With Activate’s support, nearly all fellows to date have achieved first financing and key product milestones as they work to commercialize their technology and build profitable businesses.
How is Activate funded?
As a 501(c)(3), Activate leverages a mixture of government, philanthropic, and corporate grants and sponsorships to cover both ongoing operating costs and the Fellowship stipends. The Department of Energy’s Advanced Manufacturing Office, DARPA, and the California Energy Commission are key government funders, while The Gordon and Betty Moore Foundation, Schmidt Futures, and Breakthrough Energy are among a growing list of philanthropic sponsors. Supporters are motivated by the organization’s commitment to creating more DeepTech entrepreneurs, its emphasis on ClimateTech, and the potential for fellows to unleash massively transformative businesses on the world.
To date, Activate has worked with 83 fellows as they build the foundations for new DeepTech startups. A few highlights include:
- Cuberg has pioneered the development of light-weight, energy-dense, and safe lithium metal batteries, setting records in performance and a generational improvement in energy density and safety compared to the best lithium-ion batteries. The technology is a complete drop-in solution for a wide range of zero-emissions electromobility applications, including electric flight. Led by Activate Fellow Richard Wang, Cuberg had raised $10 million in funding from Boeing HorizonX Ventures, the U.S. Army, the National Science Foundation, and a number of Activate partners, including the California Energy Commission, the U.S. Department of Energy, and CalSEED.
- Radical Plastics has developed a patented technology that involves blending conventional plastics with a proprietary, naturally occurring catalyst. When properly compounded, this catalyst has the ability to render regular plastics biodegradable in the natural environment. Items made from the Radical Plastics compound perform just like regular plastics. But if they end up in the environment, the free radical catalyst converts the plastic into a material that microbes recognize as food. Founded by Yelena Kann, a Ph.D. chemist with 25 years of industrial experience both in large plastic manufacturers and startups, and Kristin Taylor, a plastics engineer who has served in technical, sales, business development and management roles in several multinational, Radical Plastics has raised $2.4M in a mix of government and private funding.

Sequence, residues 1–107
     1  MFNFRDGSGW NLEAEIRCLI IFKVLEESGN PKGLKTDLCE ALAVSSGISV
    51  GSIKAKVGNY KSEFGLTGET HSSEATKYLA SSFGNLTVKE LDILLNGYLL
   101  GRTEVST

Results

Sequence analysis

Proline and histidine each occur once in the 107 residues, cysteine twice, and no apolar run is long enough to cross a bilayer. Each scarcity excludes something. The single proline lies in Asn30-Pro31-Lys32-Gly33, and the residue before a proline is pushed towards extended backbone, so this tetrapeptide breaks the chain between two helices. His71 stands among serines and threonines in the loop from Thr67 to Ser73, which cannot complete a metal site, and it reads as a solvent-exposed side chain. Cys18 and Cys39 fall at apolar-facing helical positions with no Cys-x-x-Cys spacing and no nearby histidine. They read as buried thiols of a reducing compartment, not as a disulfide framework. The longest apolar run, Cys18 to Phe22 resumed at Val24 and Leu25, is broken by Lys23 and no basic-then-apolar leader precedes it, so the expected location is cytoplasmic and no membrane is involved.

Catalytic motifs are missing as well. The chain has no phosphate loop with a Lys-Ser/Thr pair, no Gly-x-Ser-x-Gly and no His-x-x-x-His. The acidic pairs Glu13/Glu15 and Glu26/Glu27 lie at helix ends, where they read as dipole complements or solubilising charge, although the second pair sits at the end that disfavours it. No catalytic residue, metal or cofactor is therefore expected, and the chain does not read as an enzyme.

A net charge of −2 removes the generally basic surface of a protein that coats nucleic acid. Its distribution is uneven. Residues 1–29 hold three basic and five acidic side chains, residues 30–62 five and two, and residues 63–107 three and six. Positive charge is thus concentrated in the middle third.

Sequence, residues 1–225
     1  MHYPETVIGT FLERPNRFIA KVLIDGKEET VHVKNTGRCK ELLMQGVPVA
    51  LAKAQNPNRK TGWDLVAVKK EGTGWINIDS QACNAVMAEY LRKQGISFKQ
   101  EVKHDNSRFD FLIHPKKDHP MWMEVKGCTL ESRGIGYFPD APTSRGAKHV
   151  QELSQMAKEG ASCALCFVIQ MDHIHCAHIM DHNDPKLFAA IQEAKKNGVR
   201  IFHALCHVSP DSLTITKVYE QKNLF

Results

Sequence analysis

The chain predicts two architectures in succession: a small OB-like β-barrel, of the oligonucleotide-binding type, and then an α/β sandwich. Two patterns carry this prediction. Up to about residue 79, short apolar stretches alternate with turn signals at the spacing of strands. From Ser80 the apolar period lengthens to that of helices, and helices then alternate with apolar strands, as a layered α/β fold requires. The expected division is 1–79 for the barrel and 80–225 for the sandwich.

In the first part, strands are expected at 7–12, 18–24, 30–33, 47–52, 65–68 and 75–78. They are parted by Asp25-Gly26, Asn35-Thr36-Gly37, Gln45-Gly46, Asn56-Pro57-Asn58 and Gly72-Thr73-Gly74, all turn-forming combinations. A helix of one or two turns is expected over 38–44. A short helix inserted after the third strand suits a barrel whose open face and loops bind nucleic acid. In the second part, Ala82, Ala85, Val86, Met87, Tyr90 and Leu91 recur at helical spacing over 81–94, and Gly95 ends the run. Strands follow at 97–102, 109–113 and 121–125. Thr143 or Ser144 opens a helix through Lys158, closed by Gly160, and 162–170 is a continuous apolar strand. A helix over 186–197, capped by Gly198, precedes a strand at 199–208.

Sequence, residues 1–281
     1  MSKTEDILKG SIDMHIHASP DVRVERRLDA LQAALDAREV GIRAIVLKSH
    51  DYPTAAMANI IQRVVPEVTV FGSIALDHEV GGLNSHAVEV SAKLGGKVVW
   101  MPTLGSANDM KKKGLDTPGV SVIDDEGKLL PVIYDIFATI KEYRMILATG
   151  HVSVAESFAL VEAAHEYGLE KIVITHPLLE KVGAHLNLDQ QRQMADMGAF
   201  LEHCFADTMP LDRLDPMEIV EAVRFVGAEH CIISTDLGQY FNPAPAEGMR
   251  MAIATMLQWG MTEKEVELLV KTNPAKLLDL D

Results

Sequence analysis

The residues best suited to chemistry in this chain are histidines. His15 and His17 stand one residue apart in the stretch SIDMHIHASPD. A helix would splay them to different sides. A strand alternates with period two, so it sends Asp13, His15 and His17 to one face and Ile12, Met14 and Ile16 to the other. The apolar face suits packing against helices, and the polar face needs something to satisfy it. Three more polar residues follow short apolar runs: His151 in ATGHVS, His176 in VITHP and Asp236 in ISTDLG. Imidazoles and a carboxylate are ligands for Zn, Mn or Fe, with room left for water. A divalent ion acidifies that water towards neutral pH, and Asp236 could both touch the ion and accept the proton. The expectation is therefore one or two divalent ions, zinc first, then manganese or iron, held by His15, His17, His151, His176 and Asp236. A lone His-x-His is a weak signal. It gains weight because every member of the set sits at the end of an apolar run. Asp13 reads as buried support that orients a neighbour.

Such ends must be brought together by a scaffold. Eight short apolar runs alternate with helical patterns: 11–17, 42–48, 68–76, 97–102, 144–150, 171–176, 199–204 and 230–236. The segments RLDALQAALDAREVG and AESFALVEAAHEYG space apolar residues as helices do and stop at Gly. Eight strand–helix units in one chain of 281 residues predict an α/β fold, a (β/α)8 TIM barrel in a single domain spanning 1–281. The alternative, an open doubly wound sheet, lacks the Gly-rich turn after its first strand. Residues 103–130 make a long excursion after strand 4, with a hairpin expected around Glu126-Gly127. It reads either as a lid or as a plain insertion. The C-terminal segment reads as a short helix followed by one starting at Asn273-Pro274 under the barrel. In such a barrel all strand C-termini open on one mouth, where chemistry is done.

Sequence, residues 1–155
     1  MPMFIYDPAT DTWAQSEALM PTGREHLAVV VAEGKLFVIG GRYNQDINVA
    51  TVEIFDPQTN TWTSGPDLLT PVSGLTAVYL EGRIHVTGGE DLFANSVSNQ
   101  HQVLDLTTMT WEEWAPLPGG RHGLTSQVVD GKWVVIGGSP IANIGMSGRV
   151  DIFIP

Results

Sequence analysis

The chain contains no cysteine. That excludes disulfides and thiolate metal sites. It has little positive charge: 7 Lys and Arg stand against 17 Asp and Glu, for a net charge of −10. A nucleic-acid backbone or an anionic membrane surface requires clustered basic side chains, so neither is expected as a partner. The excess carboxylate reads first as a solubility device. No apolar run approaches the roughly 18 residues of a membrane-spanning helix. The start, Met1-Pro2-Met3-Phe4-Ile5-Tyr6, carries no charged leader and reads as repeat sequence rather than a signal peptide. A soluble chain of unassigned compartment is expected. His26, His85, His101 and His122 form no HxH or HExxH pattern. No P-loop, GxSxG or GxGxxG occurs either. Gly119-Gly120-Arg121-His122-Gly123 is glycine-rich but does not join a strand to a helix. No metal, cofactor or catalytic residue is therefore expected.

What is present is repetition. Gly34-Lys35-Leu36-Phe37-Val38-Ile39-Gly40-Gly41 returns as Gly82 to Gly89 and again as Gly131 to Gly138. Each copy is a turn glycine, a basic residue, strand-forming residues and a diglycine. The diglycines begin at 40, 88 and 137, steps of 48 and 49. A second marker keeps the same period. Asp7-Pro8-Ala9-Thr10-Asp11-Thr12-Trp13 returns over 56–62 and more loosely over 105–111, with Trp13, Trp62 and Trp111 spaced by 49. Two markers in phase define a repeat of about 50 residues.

- Opus 12 makes products from recycled emissions and renewable electrons, instead of from fossil fuels. Co-founders and Activate alumni Etosha Cave and Kendra Kuhl developed a device (based on their metal catalyst research while earning their PhDs at Stanford University) that recycles CO₂ into cost-competitive chemicals and fuels and can be bolted onto any source of CO₂ emissions, using only water and electricity as inputs. Its mission is to reduce the carbon footprint of the world’s heaviest emitters while creating a new revenue stream from what is discarded today as a waste product. Opus 12 has attracted funding from the U.S. DOE, NSF, NASA, Shell, SoCalGas, and top-tier venture investors. In 2020, Opus 12 unveiled the world’s first car part made from CO2 with Mercedes-Benz and will ship CO2-neutral jet fuel to the US Air Force this year.
- Aralez Bio provides an efficient, sustainable alternative to chemical manufacturing by engineering enzymes to produce non-natural chemicals. Its platform generates chemical building blocks called noncanonical amino acids that support the manufacture of pharmaceuticals, agrochemicals, biological probes, cosmetics, flavors, and fragrances at a fraction of the time incumbent systems need, and with half of the energy inputs. Co-founded by Activate Fellow Christina Boville, Nobel laureate Frances Arnold, and David Romney, Aralez Bio has raised more than $3M from government funders and private investors.